“It was definitely intentional,” Hope Oliver said. “We could probably have a little gold mine with the money we put into it, but it’s worth it when they all end up getting scholarships.”
Just as significantly, grades came first.
“I cannot bring home a C or lower,” Kaleb said. “Only A’s and B’s, and not even really B’s. The grade scale here (at Oakland) was, 85 to 92 was a B. If I get anything under a 90, they’re on me.”
In middle school, Kevin, the eldest, came home with an insufficient grade on his report card. His rec-league team, coached by his parents, had made the championship game, but he was not allowed to play and made to watch the game from the bench in his uniform. The team lost in overtime, with Kevin crying on the bench.
And there was more to it than that.
“They were gifted athletes; that was God given,” said Blissard, who coached Kaitlin in basketball. “However, it was very important, work ethic-wise, (that) they had to do something above and beyond to set themselves part, and they did it.”
Kaleb was motivated by the attention that Kyle, two years ahead of him, received from recruiters and others. His mother recalled how Kaleb, when his brother was interviewed by local TV stations after games, made sure to get himself in the shot.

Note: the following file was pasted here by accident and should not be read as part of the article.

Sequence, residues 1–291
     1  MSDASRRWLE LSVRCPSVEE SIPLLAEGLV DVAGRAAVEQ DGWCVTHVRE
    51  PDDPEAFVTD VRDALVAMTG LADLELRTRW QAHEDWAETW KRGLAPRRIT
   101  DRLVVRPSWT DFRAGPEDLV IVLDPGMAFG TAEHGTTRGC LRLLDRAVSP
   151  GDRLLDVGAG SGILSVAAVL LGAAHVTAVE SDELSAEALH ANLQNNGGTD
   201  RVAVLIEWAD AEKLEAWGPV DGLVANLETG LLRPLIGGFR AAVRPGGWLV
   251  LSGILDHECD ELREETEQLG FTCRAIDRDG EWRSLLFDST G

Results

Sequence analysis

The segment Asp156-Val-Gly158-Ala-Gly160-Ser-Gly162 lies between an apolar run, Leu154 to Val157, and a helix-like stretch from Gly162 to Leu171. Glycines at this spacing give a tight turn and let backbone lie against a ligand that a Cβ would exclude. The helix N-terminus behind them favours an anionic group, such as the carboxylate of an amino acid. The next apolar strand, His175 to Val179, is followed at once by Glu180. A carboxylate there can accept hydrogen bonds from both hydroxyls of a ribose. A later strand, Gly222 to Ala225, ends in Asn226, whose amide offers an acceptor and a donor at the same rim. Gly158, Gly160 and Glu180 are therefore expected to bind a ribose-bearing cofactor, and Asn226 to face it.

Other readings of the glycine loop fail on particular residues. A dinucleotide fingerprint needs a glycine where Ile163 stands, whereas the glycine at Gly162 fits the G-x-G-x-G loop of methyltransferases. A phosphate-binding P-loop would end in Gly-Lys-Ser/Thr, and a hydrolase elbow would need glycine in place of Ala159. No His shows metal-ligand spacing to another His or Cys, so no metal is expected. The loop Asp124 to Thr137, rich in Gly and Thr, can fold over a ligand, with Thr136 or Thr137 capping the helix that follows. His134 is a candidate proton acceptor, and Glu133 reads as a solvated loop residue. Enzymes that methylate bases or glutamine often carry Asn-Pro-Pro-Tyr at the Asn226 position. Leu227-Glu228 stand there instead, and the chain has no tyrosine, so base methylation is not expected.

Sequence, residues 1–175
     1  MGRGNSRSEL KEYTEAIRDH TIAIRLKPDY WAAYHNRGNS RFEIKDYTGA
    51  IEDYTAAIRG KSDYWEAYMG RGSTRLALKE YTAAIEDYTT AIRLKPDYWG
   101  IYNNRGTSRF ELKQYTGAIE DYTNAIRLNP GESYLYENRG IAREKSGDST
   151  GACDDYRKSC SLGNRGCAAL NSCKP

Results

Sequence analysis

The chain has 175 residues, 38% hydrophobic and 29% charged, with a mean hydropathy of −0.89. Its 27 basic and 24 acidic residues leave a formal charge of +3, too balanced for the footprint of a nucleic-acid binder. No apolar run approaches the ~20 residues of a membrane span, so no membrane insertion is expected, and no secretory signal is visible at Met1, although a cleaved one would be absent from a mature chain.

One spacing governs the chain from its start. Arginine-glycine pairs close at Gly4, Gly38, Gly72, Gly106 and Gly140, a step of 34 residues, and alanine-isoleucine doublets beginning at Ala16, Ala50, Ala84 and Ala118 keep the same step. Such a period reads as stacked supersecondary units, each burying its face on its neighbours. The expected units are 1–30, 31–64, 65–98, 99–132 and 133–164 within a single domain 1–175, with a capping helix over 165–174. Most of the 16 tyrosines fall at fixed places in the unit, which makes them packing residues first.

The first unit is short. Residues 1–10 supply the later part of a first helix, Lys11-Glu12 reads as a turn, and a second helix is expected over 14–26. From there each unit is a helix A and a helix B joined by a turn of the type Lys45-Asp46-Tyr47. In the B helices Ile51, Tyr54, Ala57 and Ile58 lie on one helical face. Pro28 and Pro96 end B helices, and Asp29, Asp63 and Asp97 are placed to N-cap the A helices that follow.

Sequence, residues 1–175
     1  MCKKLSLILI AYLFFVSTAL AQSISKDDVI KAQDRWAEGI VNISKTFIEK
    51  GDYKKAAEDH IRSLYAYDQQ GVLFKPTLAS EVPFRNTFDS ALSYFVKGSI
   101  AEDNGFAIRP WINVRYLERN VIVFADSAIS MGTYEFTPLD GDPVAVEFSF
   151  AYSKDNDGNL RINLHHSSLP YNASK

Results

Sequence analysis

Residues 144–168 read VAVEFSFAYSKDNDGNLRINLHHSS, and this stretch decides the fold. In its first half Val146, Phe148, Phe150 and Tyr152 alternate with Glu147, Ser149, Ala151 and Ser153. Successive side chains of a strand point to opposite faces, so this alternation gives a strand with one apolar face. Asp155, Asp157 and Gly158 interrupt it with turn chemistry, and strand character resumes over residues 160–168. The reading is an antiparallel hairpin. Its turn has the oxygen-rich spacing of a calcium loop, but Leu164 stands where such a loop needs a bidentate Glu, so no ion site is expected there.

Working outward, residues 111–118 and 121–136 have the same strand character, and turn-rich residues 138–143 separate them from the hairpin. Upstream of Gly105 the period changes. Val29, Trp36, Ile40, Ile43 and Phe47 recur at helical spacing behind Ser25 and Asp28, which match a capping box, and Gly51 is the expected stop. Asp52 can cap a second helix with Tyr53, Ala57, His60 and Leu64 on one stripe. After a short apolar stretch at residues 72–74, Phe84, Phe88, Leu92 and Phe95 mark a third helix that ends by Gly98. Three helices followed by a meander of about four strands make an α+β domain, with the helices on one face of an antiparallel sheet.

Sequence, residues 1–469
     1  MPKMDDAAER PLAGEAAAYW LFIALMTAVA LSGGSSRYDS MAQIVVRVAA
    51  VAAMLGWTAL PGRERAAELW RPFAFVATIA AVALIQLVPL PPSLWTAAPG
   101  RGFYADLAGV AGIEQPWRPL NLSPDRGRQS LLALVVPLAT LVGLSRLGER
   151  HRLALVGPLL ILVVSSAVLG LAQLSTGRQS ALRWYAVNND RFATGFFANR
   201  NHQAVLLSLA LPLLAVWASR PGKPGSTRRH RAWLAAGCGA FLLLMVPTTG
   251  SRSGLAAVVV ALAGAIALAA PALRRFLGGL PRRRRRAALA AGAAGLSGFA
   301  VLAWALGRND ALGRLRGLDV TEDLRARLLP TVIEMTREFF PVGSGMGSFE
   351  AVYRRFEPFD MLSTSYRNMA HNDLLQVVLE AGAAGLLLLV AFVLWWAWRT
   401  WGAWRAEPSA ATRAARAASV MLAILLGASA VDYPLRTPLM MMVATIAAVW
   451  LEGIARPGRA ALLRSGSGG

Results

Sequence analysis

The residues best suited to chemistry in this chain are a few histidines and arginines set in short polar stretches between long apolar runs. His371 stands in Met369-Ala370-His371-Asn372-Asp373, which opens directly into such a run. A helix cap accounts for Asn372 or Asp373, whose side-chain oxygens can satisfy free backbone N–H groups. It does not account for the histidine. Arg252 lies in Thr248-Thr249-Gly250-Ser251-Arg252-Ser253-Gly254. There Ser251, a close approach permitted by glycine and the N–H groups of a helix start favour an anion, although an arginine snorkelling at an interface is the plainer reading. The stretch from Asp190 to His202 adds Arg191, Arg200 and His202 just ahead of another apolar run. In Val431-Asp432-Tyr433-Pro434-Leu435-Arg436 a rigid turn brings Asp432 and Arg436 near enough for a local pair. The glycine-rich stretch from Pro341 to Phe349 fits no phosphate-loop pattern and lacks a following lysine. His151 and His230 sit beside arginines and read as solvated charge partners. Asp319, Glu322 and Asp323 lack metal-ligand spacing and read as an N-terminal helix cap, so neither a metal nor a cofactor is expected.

“We didn’t mind working at it,” Kaleb said. “We didn’t mind missing out, hanging out with friends, to go to practice. Going out of town to camp instead of staying home and going to parties or something.”
Prayers and faith undergirded the Olivers’ pursuit. Hope said she prayed daily “that they would excel academically and athletically and find favor with their teachers, their peers and their coaches.”
Oliver clearly found favor with Tech safeties coach Andy McCollum, the area recruiter for the state of Tennessee and a former Middle Tennessee State coach. This past January, when he withdrew his commitment to Mississippi State following the departure of two coaches who had recruited him, McCollum was ready to pounce.
“Some coaches were, like, iffy, and some were serious,” Kaleb said. “Coach McCollum was serious. He was, like, we want you. We want you down here. He was trying to make moves to try to get it done.”
A combination of size, speed, quickness and hitting ability, Oliver was one of three signees that coach Paul Johnson saw as “hybrid” prospects with the capability to play a variety of positions (Tariq Carpenter and Avery Showell are the others). It will not be a surprise if he makes an impact as a freshman this fall, at special teams or possibly in a backup role at safety.
“I’m ready to play football again,” Oliver said. “Get into it, get into the program, see how it goes.”
And, in four or five years, his parents expect him to earn his degree from Tech. Oliver thinks he wants to be an orthodontist.
“I always tell the children, we don’t go to college, we graduate,” Hope Oliver said.
All part of the plan.
“That’s just what that family strives for,” said Blissard, the counselor. “It paid off for their children in so many ways.”
The Atlanta Journal-Constitution—